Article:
University presidents once spoke their conscience on matters of great public importance. In the early 1950s, many protested the loyalty oaths that required faculty members to forswear membership in the Communist Party. One of the most courageous critics of McCarthyism was Nathan Pusey, first as president of Lawrence College in Senator Joseph McCarthy’s hometown of Appleton, Wisconsin, then as president of Harvard. In the 1960s, some university presidents openly opposed the war in Vietnam. Even at the cost of donor support, Yale president Kingman Brewster Jr. publicly contested the war and decried the inequities in the draft. He permitted protest demonstrations and skillfully kept the Yale campus open and relatively calm.
In the 1980s, a protest movement arose on American campuses as students—and some campus presidents—argued that it was immoral for universities to own stock in companies doing business in apartheid South Africa. Although Harvard president Derek Bok refused to support divestment over apartheid, Harvard eventually did sell most of its South Africa–related stock—and Bok did endorse the sale of stock in tobacco companies.
Today, university presidents and the institutions they lead confront a moral choice over a crisis that threatens human health and society on a far greater scale than either tobacco or apartheid: climate change. As Elizabeth Kolbert wrote in Field Notes From a Catastrophe, “It may seem impossible to imagine that a technologically advanced society could choose, in essence, to destroy itself, but that is what we are now in the process of doing.” In the last few years, students have begun urging their colleges and universities to divest from fossil fuel companies (FFCs), whose products are driving climate change. Two of the first university presidents to respond, Drew Gilpin Faust of Harvard and Christina Paxson of Brown, this fall placed themselves and their institutions on the wrong side of science and of history by rejecting divestment.
I believe that presidents Faust and Paxson were wrong, gravely wrong, not only in the broadest sense—because their choice harms humanity—but because they failed in their narrow duty to protect their institutions and their present and future students.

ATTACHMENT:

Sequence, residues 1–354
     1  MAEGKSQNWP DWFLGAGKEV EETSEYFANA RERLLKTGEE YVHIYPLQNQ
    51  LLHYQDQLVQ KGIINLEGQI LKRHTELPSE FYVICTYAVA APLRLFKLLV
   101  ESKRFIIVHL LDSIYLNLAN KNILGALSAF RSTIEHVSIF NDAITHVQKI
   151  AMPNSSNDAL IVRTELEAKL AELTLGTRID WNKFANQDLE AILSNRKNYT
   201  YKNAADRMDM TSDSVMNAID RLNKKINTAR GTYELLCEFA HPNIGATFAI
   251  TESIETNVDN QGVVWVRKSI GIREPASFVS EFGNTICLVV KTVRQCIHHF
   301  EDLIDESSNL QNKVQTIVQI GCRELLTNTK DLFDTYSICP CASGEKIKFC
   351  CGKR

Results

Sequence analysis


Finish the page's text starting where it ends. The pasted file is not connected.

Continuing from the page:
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Both presidents argue, as Faust puts it, that it is an “inconsistency” to “boycott a whole class of companies at the same time that, as individuals and as a community, we are extensively relying on those companies’ products and services….” Yes, this is a dilemma that each person and each organization faces. We have no choice but to be embedded in a carbon economy, yet science tells us unequivocally that carbon emissions threaten our future and that of our institutions. Ohio State University climatologist Lonnie Thompson warns that “virtually all of us are now convinced that global warming poses a clear and present danger to civilization.” Retired NASA scientist James Hansen tells us that “coal is the single greatest threat to civilization and all life on our planet.” Sea level rises due to melting ice sheets, Hansen says, hang “like the sword of Damocles over our children and grandchildren.”
The influential Stern Report from 2006 cautions that the damage from man-made climate change could be on the scale of “the great wars and the economic depression of the first half of the 20th century.” That warning, sobering as it is, vastly underestimates the danger: those wars and the Great Depression occurred at different times and were not accompanied by record-setting sea level rises, storm surges, heat waves, floods, droughts and hurricanes. Neither world war reached into every corner of the globe, and, thankfully, each one ended far short of a decade. According to the National Oceanic and Atmospheric Administration, the effects of climate change will not end “for more than 1,000 years after carbon dioxide emissions are completely stopped.”